Wiki-Lessons: Abigail, Nabal, and Saul: Vengeance is Mine

Wednesday night’s teacher prep class was thinly attended. Most of the teachers had another meeting to attend. But we came across a very interesting parallel in the text.

(1Sa 25:2-3 ESV) 2 And there was a man in Maon whose business was in Carmel. The man was very rich; he had three thousand sheep and a thousand goats. He was shearing his sheep in Carmel.  3 Now the name of the man was Nabal, and the name of his wife Abigail. The woman was discerning and beautiful, but the man was harsh and badly behaved; he was a Calebite.

If he had 3,000 sheep, he obviously had a large crew of men and women working for him. I mean, how many sheep and goats can one shepherd watch? 20? I don’t know, but if 20 is right, then he had 200 shepherds and goatherders, plus family members. And as we’ll see, evidently quite a lot of farm land.

Carmel (not to be confused with Mt. Carmel) is west of the Dead Sea.

Being a Calebite would mean that Nabal was a descendant of Caleb, a hero from the time of Joshua, and surely among the nation’s most prominent families. He was rich, had lots of people working for him, and had a prestigious pedigree.

MB: We often miss out on some of the lessons God has laid into the text because we don’t know the background, either linguistic or cultural. In this case, I think the writer of Samuel (or the Spirit’s inspiration of the writer) was telling us something about Nabal. “He was a Calebite” may have been a reference to Nabal’s family lineage, but it is also worthwhile to consider that the literal meaning of “caleb” is “dog.” The implication: Nabal is a dog at heart. :MB

(1Sa 25:4-8 ESV)  4 David heard in the wilderness that Nabal was shearing his sheep.  5 So David sent ten young men. And David said to the young men, “Go up to Carmel, and go to Nabal and greet him in my name.  6 And thus you shall greet him: ‘Peace be to you, and peace be to your house, and peace be to all that you have.  7 I hear that you have shearers. Now your shepherds have been with us, and we did them no harm, and they missed nothing all the time they were in Carmel.  8 Ask your young men, and they will tell you. Therefore let my young men find favor in your eyes, for we come on a feast day. Please give whatever you have at hand to your servants and to your son David.'”

Now, to us, this seems to be a strange request. David had 600 men! But these men were risking their lives protecting the locals from Philistine raids, because Saul had taken soldiers needed for defense and was using them to chase David. David was risking forces needed to keep himself alive to defend farmers such as Nabal.

Moreover, in this part of the world, hospitality is everything. The head of a house would miss meals rather than fail to provide for visitors. It was, in that culture, entirely appropriate for David to ask for food.

(1Sa 25:9-12 ESV)  9 When David’s young men came, they said all this to Nabal in the name of David, and then they waited.  10 And Nabal answered David’s servants, “Who is David? Who is the son of Jesse? There are many servants these days who are breaking away from their masters.  11 Shall I take my bread and my water and my meat that I have killed for my shearers and give it to men who come from I do not know where?”  12 So David’s young men turned away and came back and told him all this.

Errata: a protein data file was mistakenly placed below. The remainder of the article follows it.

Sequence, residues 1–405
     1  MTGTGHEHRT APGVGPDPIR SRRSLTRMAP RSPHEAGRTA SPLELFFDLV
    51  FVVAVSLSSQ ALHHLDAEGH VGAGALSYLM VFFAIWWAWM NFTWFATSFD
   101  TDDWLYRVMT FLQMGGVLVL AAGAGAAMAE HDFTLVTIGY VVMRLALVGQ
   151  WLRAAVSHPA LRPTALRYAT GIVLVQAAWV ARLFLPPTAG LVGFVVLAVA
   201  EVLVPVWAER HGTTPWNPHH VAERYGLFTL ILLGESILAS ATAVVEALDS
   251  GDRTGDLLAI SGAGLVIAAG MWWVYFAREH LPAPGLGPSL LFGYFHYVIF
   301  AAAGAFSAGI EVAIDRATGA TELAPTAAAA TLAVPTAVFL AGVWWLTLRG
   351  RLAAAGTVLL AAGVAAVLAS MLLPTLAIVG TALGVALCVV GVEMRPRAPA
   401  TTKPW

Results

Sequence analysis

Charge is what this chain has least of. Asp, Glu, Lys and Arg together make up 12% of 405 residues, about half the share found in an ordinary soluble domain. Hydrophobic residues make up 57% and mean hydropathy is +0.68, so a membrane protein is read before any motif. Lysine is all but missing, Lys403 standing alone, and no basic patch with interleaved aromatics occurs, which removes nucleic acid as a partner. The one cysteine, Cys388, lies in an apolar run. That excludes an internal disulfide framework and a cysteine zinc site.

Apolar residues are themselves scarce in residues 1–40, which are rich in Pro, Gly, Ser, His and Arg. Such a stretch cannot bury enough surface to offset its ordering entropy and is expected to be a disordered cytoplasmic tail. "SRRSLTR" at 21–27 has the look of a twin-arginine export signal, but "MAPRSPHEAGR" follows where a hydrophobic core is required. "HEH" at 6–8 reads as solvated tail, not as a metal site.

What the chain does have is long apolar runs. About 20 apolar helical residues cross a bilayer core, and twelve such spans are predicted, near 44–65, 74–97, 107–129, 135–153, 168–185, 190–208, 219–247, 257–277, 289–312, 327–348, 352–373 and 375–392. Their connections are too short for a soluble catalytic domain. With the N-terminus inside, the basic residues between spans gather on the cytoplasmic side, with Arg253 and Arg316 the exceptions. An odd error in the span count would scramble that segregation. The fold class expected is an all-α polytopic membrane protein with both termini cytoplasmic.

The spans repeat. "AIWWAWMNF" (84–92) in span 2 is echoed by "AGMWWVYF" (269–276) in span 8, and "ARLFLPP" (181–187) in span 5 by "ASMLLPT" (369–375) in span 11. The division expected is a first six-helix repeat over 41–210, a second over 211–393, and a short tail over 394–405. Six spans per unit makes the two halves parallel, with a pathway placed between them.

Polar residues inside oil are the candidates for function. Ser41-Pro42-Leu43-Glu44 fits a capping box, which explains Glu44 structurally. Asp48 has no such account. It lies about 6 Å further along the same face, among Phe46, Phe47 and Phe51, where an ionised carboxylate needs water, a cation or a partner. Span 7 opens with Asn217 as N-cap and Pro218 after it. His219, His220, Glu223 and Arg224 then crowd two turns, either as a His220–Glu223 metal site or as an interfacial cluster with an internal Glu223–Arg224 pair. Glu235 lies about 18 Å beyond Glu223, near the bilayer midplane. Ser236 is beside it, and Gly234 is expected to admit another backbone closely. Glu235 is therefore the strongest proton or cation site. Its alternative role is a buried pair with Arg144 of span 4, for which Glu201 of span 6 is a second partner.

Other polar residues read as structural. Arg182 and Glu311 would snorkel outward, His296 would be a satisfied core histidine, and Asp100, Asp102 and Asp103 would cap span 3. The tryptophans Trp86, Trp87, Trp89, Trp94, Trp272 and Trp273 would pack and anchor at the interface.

To our ears, Nabal sounds entirely sensible. Why is it his burden to feed David? But not to a Middle Easterner. Indeed, given that David was risking his life for Nabal, Nabal’s response was a huge insult.

Borrowed from Adam: Notice, however, how very much like the modern churchgoer is Nabal. He declares, with perfect common sense, that he should not take food from his employees — for whom he has obligations — to feed David. He’d never asked David for protection, and Saul still sits on the throne of Israel. How many of us would have reacted differently?

David was calling Nabal to a level faith and sacrifice that is foreign to our way of thinking. We are willing to give out our surplus — but not at any real risk to ourselves. And yet God ultimately takes the life of the prudent man who fails to see the greater spiritual reality.

Remember: this is an honor culture. Saving face and treating men with honor is more important than eating. It’s not surprising that David responds as he does —

(1Sa 25:13 ESV)  13 And David said to his men, “Every man strap on his sword!” And every man of them strapped on his sword. David also strapped on his sword. And about four hundred men went up after David, while two hundred remained with the baggage.

Now, Nabal was rich and had many men working for him. David’s small army was likely not overkill, but also it was surely enough to be successful. Nabal was about to be killed for his insult.

But Abigail learned of David’s intentions. She rode out to meet him, and he said,

(1Sa 25:21-22 ESV) 21 Now David had said, “Surely in vain have I guarded all that this fellow has in the wilderness, so that nothing was missed of all that belonged to him, and he has returned me evil for good.  22 God do so to the enemies of David and more also, if by morning I leave so much as one male of all who belong to him.”

Abigail replied,